to gain possession of which the rebel authorities directed their efforts, as well as to divert our armies from the attack on Richmond. At Antietam and South Mountain they had been defeated and driven back into the Valley of the Shenandoah. Again they made a powerful effort and were defeated at Gettysburg and driven across the Potomac and up the valley. In July, 1864, after the lieutenant-general had forced the rebel armies concentrated under Lee from Todd's Tavern, through Spotsylvania and Cold Harbor, into Richmond and Petersburg, they made another effort to divert the lieutenant-general by detaching Early on another expedition down the Valley of the Shenandoah and across the Potomac, threatening Baltimore by moving on the Monocacy, where a small body of our troops were repulsed, thus jeopardizing both Baltimore and Washington. The attention of the lieutenant-general was given to these efforts of his adversary to divert him from his main object-the defeat and capture of Lee's army-and, while withdrawing part of the garrison to re-enforce the armies operating against Richmond, he held the command of his rear and Washington by being enabled to transport from before Petersburg as large a force as Lee could detach to operate in the valley and on Washington. Many thousands of wounded and sick occupied the hospitals in Washington, and the troops fit for duty did not suffice to man the armaments of the forts around the city. The engineers had previously constructed a system of detached redoubts and forts around the city on a circuit of upward of thirty-five miles. Early, after his success at Monocacy, moved directly upon the defenses of Washington between the Potomac and the Eastern Branch. (See plan Numbers 1.) Colonel Alexander of the Corps of Engineers, was the only officer of the corps Woodruff and Major Kurtz, of the Corps of Engineers, and assistants of the Chief Engineer, were first ordered to these defenses. Subsequently all the officers on the sea-coast, north and east of this city, were detached from their labors of constructing sea-coast batteries (then threatened by rebel iron- clads building in Europe, as another effort to divert our armies in the field), and were ordered to the defenses of Baltimore and Washington-Major Prime, Captain Baltimore, and Colonel Macomb, Major Blunt, Major Casey, and Captain Tardy to the aid of Colonel Alexander at Washington. The rebel blow was aimed at Washington. The wise foresight of the Secretary of War had caused all the employes of the several bureaus of his Department to be organized and drilled as infantry troops. The necessity for the withdrawal of the Sixth Army Corps from Petersburg and of the Nineteenth from New Orleans had also been foreseen, and orders sent to them to proceed to this city to meet the blow that was threatened. The Veteran Reserves and convalescents from the hospitals were also ordered to garrison the defenses. Requisitions were made upon the Governors of States to furnish troops, but with little success. The Sixth and Nineteenth Corps arrived at the most opportune moment. Early directed his efforts upon Fort Stevens, but finding the garrison re-enforced, and even moving out of the defenses to meet him, he suddenly retreated across the Potomac and up the Valley of the Shenandoah. The engineers were then ordered to their former stations on the sea-board.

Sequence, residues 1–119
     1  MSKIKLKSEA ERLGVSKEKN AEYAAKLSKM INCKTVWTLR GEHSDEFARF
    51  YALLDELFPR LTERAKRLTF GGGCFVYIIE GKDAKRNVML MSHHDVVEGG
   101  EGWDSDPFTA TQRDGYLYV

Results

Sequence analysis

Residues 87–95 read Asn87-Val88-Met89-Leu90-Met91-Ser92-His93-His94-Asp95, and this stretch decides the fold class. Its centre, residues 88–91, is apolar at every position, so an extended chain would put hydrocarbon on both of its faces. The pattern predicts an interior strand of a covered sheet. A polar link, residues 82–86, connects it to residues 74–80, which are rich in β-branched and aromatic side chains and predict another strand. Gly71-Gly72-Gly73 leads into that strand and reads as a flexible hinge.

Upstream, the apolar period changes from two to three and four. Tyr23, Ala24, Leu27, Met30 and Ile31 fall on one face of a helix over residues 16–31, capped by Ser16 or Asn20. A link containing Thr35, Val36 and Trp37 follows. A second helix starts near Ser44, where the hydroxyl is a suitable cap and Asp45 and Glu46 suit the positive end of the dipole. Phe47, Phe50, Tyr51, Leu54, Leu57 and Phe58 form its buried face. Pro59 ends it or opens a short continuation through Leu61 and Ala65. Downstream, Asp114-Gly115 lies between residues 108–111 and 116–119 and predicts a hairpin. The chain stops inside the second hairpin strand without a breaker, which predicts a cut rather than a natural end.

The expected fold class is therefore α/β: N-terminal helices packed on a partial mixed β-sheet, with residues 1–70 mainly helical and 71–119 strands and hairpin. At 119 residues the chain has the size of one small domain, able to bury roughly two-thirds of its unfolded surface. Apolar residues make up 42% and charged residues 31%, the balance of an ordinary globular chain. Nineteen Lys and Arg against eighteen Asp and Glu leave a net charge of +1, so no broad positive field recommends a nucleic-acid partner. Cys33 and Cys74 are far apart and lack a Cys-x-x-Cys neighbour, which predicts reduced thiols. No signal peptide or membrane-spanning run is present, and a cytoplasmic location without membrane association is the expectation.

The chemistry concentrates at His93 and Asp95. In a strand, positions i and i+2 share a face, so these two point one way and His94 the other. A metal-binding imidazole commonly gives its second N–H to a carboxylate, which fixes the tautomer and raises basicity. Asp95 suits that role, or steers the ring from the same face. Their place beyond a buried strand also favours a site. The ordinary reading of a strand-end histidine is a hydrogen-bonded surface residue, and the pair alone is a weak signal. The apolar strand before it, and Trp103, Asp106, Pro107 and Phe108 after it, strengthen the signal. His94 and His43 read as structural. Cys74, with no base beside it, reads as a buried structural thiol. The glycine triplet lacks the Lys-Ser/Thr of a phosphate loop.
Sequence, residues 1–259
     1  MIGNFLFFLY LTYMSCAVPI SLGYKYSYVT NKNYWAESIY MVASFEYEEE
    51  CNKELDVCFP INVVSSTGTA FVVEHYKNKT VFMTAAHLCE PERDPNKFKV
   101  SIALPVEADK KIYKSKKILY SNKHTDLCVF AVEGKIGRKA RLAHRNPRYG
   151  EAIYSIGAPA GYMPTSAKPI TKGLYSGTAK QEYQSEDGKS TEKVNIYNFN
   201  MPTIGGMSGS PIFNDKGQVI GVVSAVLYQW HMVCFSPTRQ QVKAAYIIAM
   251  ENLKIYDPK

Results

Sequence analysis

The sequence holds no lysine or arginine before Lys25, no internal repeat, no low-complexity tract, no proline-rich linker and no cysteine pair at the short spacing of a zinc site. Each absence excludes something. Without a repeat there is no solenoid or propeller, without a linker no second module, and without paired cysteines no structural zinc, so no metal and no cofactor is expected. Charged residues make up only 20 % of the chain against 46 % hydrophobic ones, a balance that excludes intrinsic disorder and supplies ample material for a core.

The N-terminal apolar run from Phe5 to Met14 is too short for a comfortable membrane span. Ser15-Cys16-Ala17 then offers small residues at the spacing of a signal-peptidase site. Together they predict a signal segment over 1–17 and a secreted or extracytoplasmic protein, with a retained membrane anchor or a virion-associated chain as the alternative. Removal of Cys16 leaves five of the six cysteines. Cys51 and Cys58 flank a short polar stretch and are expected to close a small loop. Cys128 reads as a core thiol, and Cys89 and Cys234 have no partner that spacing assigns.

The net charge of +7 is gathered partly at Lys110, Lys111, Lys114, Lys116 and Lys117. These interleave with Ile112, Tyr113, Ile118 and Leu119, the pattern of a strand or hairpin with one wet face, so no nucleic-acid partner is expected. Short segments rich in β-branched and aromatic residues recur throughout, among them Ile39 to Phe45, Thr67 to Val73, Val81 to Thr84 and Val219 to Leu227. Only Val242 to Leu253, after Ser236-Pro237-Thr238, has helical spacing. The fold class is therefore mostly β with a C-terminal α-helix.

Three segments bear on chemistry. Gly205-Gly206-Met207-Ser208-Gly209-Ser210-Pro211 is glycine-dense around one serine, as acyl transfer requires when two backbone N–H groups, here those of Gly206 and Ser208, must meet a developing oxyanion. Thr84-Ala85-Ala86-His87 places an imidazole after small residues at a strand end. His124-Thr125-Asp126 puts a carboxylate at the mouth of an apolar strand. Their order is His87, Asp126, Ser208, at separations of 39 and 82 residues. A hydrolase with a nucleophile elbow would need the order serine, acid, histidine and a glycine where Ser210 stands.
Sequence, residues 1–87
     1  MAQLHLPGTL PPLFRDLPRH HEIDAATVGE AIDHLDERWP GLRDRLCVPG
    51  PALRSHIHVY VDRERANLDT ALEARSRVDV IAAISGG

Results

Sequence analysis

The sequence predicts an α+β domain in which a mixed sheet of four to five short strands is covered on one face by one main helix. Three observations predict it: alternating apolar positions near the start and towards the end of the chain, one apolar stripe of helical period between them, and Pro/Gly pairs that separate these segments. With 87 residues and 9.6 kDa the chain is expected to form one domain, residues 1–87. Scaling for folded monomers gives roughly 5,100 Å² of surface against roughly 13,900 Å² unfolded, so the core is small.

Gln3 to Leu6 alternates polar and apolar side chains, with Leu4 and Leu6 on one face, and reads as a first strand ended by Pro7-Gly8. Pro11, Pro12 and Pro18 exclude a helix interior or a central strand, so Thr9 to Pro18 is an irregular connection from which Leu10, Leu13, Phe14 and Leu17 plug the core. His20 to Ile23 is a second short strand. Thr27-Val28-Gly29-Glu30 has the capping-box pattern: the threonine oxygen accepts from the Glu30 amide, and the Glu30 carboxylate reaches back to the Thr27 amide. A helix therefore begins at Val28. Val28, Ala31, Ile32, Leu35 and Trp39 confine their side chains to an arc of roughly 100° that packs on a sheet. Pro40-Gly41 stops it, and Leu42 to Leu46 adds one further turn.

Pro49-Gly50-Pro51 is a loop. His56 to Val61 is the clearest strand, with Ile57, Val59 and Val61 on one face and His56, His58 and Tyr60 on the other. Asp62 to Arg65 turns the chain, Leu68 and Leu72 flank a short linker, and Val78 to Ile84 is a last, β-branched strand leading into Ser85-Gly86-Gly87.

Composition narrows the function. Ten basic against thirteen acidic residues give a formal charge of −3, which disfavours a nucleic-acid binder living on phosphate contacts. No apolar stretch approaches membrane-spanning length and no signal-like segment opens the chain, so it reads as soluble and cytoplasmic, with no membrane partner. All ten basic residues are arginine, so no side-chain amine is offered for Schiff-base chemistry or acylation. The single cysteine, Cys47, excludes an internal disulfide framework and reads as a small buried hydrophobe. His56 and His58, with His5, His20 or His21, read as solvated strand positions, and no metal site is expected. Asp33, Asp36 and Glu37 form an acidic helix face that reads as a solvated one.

*Plate LXXXIX, Map 1, of the Atlas.